As the afternoon grew hot and I began to feel my energy fading, I decided I might try one more shot at the courthouse, this time at the ground level.

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Ground Level Portal of Ellis County Courthouse

I worked fast on this one, as I was growing tired and the sun finally found me where I had earlier enjoyed the shade. It was time to call it a day and head back to the house.

This day has been fulfilling on so many levels. I’m happy that I ground out four watercolors, and happier that I met a new friend, and familiar friends cared enough to make the journey to spend time with me.  Thanks to all my friends, and thanks to all of you who follow me on this blog.

I paint in order to discover.

I journal when I feel alone.

I blog to remind myself that I am not alone.

Saturday morning Plein Air Experiment

May 13, 2017

From 9 to 12 this morning at Waxahachie, artists are gathering to do plein air paintings to sell off the easels from 1 to 3 this afternoon. We are all located on the courthouse Square comma and I am going to try to get three paintings done by noon. So far I have three skies blocked in. I will concentrate my energies once again on the courthouse cupola.

Stay tuned!

Prepping for the Final Weekend in Waxahachie

May 12, 2017

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Honorable Mention at Paint Historic Waxahachie judging

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Sold on opening night of Paint Historic Waxahachie reception

It was a good night.  The courthouse window posted above received an Honorable Mention and a gift certificate of $100 for Jack Richeson & Co. art supplies.  And before the evening was over, my first attempt at the courthouse sold. I drove home happy, thinking about tomorrow’s endeavor.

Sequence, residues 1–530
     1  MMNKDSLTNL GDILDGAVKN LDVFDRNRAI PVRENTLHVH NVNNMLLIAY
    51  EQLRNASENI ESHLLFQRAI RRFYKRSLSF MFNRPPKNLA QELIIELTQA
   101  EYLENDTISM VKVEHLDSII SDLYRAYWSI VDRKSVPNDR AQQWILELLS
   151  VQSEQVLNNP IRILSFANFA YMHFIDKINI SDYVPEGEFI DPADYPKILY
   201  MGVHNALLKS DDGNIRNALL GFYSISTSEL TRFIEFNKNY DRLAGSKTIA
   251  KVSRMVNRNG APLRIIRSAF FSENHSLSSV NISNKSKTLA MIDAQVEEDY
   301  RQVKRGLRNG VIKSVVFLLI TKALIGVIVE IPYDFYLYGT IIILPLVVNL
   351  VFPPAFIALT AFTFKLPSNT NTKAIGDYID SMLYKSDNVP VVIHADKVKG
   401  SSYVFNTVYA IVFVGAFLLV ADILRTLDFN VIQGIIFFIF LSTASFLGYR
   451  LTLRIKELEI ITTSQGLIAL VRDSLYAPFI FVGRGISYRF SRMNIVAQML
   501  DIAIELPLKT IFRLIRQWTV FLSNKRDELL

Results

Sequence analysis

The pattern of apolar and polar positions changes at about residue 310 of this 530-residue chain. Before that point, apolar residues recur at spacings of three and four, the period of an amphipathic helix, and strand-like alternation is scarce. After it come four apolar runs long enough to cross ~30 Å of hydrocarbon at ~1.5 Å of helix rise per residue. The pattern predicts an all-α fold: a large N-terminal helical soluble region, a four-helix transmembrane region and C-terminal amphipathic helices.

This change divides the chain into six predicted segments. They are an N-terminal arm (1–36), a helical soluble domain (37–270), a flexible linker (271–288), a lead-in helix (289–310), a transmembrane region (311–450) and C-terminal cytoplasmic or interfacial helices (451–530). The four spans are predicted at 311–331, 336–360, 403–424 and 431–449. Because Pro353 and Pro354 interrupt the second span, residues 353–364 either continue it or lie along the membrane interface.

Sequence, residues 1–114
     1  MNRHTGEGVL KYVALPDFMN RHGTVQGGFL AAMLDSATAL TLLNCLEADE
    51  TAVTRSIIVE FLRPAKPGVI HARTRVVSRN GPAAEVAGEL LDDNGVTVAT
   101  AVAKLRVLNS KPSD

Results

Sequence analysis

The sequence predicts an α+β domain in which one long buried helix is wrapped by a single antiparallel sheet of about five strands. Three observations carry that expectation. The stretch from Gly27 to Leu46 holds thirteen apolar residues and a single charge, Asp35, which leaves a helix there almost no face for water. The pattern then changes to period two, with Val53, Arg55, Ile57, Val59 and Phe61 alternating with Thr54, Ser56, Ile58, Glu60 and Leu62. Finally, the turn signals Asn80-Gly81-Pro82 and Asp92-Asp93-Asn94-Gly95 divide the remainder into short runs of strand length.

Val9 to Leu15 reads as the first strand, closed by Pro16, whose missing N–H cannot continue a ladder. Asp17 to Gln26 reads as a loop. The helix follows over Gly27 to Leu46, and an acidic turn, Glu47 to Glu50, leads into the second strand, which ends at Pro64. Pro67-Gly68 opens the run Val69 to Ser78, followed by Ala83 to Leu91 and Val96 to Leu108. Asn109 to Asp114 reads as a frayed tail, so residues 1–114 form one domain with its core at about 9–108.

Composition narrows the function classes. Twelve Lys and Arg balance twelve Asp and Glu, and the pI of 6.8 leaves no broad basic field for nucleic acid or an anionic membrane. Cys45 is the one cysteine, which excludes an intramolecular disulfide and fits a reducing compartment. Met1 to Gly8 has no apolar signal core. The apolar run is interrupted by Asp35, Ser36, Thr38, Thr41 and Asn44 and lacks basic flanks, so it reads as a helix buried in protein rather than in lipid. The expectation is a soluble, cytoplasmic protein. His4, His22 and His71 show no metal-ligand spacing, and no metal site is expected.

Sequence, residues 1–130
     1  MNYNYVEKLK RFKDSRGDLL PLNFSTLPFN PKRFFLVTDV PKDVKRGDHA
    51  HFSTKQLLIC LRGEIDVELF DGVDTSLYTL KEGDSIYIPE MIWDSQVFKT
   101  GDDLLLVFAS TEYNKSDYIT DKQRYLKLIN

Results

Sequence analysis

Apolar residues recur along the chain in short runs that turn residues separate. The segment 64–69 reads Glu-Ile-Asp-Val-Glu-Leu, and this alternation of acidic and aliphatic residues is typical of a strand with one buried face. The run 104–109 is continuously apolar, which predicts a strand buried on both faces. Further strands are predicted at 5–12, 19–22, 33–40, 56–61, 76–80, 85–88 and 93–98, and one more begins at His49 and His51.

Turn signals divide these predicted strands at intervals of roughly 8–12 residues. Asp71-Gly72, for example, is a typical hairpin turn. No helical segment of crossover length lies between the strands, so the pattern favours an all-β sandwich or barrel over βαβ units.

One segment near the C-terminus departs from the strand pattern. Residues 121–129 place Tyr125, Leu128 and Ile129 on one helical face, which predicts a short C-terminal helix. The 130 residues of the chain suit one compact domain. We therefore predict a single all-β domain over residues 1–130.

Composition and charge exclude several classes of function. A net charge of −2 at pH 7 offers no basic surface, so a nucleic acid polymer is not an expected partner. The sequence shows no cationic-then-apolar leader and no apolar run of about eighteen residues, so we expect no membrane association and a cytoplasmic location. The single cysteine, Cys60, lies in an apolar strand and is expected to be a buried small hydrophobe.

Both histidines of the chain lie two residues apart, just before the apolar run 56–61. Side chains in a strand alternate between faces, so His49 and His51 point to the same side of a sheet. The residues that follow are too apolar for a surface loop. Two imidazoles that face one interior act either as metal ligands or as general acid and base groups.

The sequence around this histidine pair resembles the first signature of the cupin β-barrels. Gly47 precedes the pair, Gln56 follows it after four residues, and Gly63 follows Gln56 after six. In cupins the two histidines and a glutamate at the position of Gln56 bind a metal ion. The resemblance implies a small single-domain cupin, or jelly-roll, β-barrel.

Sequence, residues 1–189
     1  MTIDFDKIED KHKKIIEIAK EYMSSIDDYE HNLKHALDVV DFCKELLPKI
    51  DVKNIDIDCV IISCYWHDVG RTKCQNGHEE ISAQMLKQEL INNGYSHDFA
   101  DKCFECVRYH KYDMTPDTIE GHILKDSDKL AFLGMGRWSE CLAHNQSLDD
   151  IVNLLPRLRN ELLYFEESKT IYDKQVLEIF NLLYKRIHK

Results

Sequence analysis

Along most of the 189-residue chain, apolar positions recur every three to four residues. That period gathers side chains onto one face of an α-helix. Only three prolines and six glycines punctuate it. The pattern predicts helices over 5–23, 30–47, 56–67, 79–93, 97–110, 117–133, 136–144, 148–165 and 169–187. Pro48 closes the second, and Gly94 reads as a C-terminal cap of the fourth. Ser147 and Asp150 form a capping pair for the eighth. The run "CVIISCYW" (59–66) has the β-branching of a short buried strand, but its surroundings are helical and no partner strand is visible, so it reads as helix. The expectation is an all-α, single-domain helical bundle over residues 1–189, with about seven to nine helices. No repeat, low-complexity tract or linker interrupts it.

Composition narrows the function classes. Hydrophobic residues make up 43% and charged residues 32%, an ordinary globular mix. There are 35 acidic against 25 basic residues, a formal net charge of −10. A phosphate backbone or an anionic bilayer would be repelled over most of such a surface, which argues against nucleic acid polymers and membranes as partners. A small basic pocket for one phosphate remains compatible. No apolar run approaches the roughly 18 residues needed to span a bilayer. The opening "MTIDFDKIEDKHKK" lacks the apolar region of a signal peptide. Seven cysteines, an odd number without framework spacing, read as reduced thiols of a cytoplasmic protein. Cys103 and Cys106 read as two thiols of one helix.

I will participate in the town square paint-out tomorrow from 9-12:00, followed by the sidewalk art sale from 1-3:00. My plan is to paint at least three 5 x 7″ watercolor vignettes of the courthouse cupola to insert into 8 x 10″ mats and simple frames. We’ll see if they can sell. Meanwhile, I have six additional paintings hanging inside Art on the Square, 113 W. Franklin St. (on the square!) still looking for a home.

If I still have the stamina after 3:00, I plan to retreat to the scenic areas surrounding the town of Waxahachie and focus on some landscape painting. Artists who have registered for Paint Historic Waxahachie can still create new work to sell until 5:00 Sunday. I have blocked off this weekend, hoping to have enough energy to continue painting till it’s over.

Thanks for reading.

Waxahachie Paintings Completed

May 11, 2017

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“Romanesque Redivivus”

The week has been a long grind, but I managed this afternoon to complete painting #7 and titled it “Romanesque Redivivus” since the architectural style is known as Romanesque Revival. I’m too sleepy tonight to record thoughts or musings with any kind of depth or twist, but I did want to show my readers this final painting. All seven paintings are now framed and six of them will be entered into the judging tomorrow. Wish me luck, and thanks for reading!